Through collective community action Bland's vision for Foot Soldiers Park is becoming a reality. Our role as designers commences with the process of accompaniment and engagement; by gathering diverse and sometimes conflicting perspectives, we move closer to understanding what the impact of a project could actually look like. If we aim to design for action, it must begin with personal stories, addressing pain points, and embracing hopes and aspirations.
Memorials wield significant influence by offering a unique spatial encounter with narratives shaped by decisions made by various stakeholders, including planners, policymakers, politicians, and designers. Decisions related to location and materiality primarily aim to ensure both public accessibility and permanence. However, as we contemplate the significance of contested space in an evolving memorial landscape, it is crucial to use design to encourage proximity and participation.
Consider the Gun Violence Memorial Project (GVMP) as an example of this notion. Given that gun violence is a nationwide issue, the GVMP is not limited to a single static location; it is designed to be mobile, beginning in Chicago, moving to Washington, D.C., and will open in Boston in August 2024. Its very essence is participatory, inviting families and communities to engage in its evolution. This mode of engagement emphasizes the profound idea that our stories and societies are continuously evolving. The mobility of the memorial is integral to the project's mission.
Slowing Down: Let the Healing Happen
As designers engaged in this work, we must find a delicate balance between the time required for navigating the traumas associated with radical truth-telling and the urgency to rectify and address historical injustices that have impacted communities across our nation. Time is a crucial element in memorial work, and it's imperative not to underestimate the significance of allowing ourselves and our partners the space to pause. By slowing down, respecting room for healing, and fostering restorative conversations, we acknowledge the need to grieve, process, and address lingering questions. Sometimes, this occurs as an integral part of our engagement process, while at other times, it may need to precede our engagement and accompaniment process entirely. As Adrienne Maree Brown, author of “Emergent Strategy,” aptly states, we must move "at the speed of trust."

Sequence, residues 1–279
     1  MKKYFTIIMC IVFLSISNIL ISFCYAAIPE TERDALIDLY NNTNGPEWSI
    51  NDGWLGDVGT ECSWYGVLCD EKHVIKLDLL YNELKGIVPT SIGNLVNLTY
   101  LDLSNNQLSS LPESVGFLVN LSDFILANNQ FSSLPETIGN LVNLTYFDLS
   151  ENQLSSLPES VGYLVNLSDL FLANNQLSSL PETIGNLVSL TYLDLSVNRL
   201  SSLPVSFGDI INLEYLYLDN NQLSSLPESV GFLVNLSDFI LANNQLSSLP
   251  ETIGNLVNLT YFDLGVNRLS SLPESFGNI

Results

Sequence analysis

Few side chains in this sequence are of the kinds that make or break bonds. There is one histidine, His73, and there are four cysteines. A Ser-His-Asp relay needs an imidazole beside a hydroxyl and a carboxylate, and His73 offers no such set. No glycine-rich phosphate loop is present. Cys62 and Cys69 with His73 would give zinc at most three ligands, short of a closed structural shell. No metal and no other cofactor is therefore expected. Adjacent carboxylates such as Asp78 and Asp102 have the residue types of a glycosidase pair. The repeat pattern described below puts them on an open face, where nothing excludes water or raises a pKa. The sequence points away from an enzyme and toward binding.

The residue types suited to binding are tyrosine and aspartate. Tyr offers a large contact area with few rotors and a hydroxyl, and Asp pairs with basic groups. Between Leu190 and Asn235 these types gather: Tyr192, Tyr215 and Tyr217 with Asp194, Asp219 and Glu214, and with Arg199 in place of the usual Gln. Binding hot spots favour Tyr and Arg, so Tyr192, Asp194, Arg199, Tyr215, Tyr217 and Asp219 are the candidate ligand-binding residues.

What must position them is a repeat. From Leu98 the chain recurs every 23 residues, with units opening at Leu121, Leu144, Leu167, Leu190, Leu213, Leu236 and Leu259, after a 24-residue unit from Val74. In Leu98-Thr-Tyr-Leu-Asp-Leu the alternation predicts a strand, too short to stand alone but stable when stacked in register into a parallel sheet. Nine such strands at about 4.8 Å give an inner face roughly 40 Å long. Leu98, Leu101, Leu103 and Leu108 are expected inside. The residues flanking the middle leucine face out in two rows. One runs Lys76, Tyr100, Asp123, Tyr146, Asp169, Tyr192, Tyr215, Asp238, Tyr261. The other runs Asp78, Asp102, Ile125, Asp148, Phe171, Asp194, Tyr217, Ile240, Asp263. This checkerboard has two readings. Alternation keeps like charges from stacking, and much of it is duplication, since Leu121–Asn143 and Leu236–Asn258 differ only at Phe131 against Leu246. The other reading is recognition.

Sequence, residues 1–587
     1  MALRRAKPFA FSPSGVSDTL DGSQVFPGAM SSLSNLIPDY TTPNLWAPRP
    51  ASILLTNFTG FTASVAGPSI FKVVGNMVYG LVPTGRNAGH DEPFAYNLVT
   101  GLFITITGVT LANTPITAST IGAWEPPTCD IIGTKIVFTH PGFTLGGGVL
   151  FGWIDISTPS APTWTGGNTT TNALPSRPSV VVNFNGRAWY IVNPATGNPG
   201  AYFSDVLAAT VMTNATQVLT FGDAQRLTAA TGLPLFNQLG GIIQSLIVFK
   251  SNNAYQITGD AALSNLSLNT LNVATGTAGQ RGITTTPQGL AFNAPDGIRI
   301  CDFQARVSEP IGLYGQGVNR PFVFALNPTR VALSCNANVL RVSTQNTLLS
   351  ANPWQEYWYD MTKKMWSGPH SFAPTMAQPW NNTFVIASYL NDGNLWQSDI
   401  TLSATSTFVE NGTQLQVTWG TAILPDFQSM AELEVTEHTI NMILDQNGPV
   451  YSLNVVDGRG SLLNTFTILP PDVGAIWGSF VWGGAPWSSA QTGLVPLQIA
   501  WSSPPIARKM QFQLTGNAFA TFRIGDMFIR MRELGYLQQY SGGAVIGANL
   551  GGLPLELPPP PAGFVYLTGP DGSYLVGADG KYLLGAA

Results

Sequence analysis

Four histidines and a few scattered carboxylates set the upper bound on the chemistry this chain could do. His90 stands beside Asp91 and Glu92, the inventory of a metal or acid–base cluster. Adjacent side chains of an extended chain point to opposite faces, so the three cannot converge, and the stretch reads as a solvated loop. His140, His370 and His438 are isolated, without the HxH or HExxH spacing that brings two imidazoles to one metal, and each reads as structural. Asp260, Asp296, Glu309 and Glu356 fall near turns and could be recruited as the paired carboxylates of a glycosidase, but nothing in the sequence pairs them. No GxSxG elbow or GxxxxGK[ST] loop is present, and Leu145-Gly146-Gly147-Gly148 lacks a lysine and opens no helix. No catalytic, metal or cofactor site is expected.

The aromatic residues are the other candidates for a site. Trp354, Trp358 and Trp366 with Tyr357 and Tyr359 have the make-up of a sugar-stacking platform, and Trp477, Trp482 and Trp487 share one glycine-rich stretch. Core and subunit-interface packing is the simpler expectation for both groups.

Jerome G. Little, the first African-American president of the Tallahatchie County Board of Supervisors, advocated for the creation of the Emmett Till Interpretive Center as a means to break the national silence surrounding the death of Emmett Till, the African American teenager whose murder catalyzed the emerging civil rights movement. The first step involved a profound engagement with the community, co-facilitated by Susan Glisson, The Welcome Table Collaborative founder and executive director. Only after dedicating time to healing and conversation could the design work proceed. The Emmett Till and Mamie Till-Mobley National Monument, declared a national monument by President Biden in 2023, confronts the injustices of our past, but is firmly grounded in a process that prioritized pausing, slowing down, and waiting for the community to be ready.
Elizabeth Alexander, Andrew W. Mellon Foundation president, said “Our built environment is in motion. Memorials, like history, are never truly complete. We bear the responsibility of shaping our future by looking to the past and reflecting our present.” History is not static. It is layered, complex, and continually evolving. The narrative of a memorial is similarly dynamic, transforming over time and calling us to action. When we designed the National Memorial for Peace and Justice with Bryan Stevenson five years ago, displaying 800 markers from counties complicit in lynching crimes, we never imagined change in the form of legislation would follow. But it did and in 2022, The Emmett Till Antilynching Act was signed into law by President Biden, making lynching a federal hate crime.
Read more about MASS Design Group on The Power of Provenance | The Architect's Philanthopist | Learning from Poughkeepsie | A Guide to Rewilding | Advocating for Disability Justice in Design | AIA Firm of the Year.